Monster telescope needs mind-bending mathematics to uncover secrets of the universe
The Square Kilometre Array (SKA) will be made up of an unprecedented number of antennae spread across two continents for the first time (Australia and Africa). The SKA will see the radio sky with unprecedented sensitivity and resolution, enabling us to pick up extremely small and faint objects and probe the more distant universe. It is due to come online around 2023.
To put it in perspective, astronomers anticipate that it will produce as much as ten times the data as global internet traffic. Radio astronomical imaging therefore urgently needs to be re-invented in this ultra-precision and big data context.
Clumped cancer cells spread more efficiently through the body than lone ones
Nine out of ten cancer patients die because cancer cells enter the blood circulation, spread and form tumours at distant organs. In circulation, cells can move individually or in a cluster. It is believed that cells moving individually pose the highest risk of forming tumours and are the primary “villains”.
A recent study we published in the Journal of Royal Society Interface shows that this may not be true. Instead, cells that move in a cluster might be the primary “villains”, hence asking for new ways of fighting the spread of cancer.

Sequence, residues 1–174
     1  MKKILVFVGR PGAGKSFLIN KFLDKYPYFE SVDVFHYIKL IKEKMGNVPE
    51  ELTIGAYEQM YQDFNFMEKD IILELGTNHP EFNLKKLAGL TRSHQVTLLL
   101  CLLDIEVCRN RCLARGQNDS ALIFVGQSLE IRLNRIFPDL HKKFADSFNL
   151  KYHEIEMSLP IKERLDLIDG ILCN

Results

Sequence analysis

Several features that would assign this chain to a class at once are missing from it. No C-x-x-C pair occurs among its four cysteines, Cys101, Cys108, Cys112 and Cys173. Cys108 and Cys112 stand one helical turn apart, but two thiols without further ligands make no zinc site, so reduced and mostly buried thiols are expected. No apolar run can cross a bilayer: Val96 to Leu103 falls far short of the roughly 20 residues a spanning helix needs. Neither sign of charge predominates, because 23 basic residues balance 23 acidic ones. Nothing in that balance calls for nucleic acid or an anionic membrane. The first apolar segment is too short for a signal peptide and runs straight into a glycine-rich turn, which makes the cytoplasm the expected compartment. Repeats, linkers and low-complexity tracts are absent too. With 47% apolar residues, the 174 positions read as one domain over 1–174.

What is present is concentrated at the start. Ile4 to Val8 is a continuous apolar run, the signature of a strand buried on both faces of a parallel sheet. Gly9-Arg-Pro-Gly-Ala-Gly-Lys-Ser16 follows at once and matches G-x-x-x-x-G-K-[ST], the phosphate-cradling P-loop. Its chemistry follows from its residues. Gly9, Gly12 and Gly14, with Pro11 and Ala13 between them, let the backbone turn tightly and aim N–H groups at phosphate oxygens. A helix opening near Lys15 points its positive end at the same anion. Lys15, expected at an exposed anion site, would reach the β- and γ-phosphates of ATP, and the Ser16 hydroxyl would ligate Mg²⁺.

Spiders disguise themselves as ants to hide and hunt their prey
All spiders are predators, but most of them are small and have rudimentary defences against larger animals that in turn prey on them. Spiders have thus evolved a range of predatory behaviours that, at the same time, allow them to evade the threat of predation. Some of the most effective strategies involve deceiving ants.
Playing video games is good for your brain – here’s how
To add to a long line of studies demonstrating the more positive effects of video games is a study in the Proceedings of the National Academy of Sciences by Vikranth Bejjanki and colleagues. Their newly published paper demonstrates that the playing of action video games – the sort of fast-paced, 3D shoot-em-up beloved of doomsayers in the media – confirms what other studies have revealed, that players show improved performance in perception, attention, and cognition.
Scientific research can be prone to bubbles too – neuroscience risks being the next one
Science, like any other field that attracts investment, is prone to bubbles. Overly optimistic investments in scientific fields, research methods and technologies generate episodes comparable to those experienced by financial markets prior to crashing.
In cybersecurity, the weakest link is … you
A chain is only as strong as its weakest link. Computer security relies on a great number of links, hardware, software and something else altogether: you. The greatest threat to information security is actually people. Why strive to defeat encrypted passwords stored in computers, when those computers’ human users will turn them over willingly?
Open minded? Here’s how much facial stereotyping influences your decisions
When we make important social decisions – which political candidate to vote for, whether to trust someone with our money, whether a person is guilty of a crime – we’d like to think we do so rationally, and solely based on relevant pieces of information. After all, given the high stakes involved, we’d be foolish not to take these choices seriously.
And yet, a growing body of research suggests that even these crucial decisions may be significantly influenced by one of the most superficial and seemingly irrelevant factors we can imagine: facial appearance.